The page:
The most hyped weed spot in upper Manhattan right now is a hitched trailer parked on the side of a busy intersection. Approach its dual windows during daylight hours and, under an LED banner, you’ll find two friendly brokers of THC tidings ready to dish out bags of pot or edibles for the correct amount of cash. A whiteboard behind them does not list prices, per se, but “Suggested Donations,” starting at $20. The packages offered in return are thank you “gifts.”
“We don’t sell anything,” says one register operator at Uncle Budd’s weed truck, speaking under a condition of anonymity. “Every donation is going back into the community.”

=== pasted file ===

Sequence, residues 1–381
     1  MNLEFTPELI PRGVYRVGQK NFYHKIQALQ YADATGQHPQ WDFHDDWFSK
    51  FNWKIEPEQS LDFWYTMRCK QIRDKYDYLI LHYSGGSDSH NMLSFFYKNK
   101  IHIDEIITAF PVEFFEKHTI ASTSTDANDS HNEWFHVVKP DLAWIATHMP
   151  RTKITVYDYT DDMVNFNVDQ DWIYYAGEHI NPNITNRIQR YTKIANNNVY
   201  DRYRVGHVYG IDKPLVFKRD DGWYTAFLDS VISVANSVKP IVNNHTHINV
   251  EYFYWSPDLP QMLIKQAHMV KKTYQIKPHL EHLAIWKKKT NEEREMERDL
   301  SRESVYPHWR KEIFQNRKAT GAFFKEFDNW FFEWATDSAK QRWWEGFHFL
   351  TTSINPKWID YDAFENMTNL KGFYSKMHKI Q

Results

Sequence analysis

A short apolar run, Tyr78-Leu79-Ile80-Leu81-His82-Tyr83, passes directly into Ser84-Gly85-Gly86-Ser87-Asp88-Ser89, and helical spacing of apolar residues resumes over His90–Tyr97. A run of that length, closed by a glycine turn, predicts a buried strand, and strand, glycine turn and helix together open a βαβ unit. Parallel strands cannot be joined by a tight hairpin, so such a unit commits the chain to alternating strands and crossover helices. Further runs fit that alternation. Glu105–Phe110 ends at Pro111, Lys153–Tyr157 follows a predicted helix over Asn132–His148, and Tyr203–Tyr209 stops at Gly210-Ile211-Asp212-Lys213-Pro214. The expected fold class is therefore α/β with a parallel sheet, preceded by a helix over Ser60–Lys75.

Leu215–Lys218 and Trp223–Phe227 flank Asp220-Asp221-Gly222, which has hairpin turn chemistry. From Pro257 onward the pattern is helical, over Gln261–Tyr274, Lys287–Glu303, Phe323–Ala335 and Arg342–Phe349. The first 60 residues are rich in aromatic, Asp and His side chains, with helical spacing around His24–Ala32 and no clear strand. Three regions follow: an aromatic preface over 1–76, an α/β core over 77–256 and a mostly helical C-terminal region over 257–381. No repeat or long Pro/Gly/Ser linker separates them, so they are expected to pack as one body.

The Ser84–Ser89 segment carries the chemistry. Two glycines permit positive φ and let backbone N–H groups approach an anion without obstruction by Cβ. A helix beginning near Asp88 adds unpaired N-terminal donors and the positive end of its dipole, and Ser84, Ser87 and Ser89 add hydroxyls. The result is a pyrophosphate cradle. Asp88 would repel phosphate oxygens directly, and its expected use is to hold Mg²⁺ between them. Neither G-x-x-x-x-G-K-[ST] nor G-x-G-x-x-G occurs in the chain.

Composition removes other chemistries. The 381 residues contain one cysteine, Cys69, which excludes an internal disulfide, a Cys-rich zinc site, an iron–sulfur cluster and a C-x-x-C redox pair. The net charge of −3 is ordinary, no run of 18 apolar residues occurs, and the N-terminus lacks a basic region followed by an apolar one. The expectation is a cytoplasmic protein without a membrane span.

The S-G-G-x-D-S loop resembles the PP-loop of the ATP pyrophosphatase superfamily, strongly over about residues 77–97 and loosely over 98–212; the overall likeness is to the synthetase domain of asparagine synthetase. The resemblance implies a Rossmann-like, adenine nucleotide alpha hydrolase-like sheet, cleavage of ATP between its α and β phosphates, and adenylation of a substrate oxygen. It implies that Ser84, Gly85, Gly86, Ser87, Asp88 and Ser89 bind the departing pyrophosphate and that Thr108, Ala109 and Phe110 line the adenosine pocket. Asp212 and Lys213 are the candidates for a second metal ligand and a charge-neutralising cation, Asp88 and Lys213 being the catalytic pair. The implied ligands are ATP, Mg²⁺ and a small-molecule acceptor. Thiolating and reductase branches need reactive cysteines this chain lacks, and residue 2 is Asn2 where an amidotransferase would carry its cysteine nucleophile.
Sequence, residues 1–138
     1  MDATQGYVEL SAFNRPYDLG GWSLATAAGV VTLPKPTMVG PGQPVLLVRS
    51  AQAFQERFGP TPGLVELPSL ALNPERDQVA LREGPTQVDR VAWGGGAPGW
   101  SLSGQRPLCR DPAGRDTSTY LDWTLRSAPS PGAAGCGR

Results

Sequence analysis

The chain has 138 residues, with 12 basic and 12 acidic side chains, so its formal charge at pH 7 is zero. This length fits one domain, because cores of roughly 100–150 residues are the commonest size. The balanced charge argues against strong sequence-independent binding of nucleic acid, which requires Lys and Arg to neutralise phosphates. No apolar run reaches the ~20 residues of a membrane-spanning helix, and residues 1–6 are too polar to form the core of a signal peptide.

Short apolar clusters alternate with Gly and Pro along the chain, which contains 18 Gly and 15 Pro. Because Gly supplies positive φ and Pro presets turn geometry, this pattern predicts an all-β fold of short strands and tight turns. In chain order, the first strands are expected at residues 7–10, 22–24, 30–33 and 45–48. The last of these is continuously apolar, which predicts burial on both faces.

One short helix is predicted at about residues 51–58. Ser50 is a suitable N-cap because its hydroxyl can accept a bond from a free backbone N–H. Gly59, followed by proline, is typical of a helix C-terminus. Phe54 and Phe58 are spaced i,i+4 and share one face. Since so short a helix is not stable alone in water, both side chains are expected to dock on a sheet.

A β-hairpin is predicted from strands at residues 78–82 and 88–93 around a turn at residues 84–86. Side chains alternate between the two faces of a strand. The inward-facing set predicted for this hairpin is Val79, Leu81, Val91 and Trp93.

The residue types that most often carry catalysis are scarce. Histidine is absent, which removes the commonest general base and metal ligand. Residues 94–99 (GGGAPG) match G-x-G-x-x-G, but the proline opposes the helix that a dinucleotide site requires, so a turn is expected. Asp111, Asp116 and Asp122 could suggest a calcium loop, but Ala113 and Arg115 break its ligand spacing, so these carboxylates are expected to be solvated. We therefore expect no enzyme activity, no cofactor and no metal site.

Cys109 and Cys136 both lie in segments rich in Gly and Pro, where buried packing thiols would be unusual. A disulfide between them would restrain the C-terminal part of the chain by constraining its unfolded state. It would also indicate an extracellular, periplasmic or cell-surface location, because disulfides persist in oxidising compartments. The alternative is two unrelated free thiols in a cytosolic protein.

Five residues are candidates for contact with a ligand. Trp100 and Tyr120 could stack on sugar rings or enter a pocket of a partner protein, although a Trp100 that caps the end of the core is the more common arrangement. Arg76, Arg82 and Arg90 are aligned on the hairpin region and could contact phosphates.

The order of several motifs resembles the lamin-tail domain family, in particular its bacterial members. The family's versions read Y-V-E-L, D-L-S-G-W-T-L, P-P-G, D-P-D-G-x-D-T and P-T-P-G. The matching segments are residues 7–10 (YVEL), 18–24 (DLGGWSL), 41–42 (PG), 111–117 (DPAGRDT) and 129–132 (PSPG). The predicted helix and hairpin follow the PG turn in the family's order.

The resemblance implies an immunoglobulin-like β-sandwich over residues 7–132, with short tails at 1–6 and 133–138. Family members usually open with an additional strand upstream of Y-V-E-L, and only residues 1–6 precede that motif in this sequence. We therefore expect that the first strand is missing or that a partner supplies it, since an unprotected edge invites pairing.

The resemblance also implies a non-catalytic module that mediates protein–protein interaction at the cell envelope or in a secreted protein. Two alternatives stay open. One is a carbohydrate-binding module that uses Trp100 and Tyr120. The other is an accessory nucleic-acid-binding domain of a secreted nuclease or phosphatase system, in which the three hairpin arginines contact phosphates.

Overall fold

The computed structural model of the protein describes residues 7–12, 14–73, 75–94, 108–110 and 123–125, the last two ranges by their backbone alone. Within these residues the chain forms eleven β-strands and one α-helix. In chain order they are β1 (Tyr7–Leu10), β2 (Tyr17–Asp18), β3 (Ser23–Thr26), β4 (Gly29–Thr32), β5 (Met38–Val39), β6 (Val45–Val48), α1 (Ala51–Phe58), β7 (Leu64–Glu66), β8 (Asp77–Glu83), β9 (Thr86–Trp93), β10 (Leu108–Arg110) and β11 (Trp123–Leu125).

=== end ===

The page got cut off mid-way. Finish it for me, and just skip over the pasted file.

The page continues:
Uncle Budd’s, he says, organizes charitable events, like Thanksgiving turkey giveaways. Another goal is to educate people in the neighborhood about the health benefits of marijuana consumption. But the most vital community service that the Black-owned business provides, according to the cashier, is the employment of local residents. There are two Uncle Budd’s trucks so far, and more on the way. Their owner is hiring 10 people every two weeks, the worker says, with a priority on individuals like himself who have been arrested for drug-dealing offenses in the past.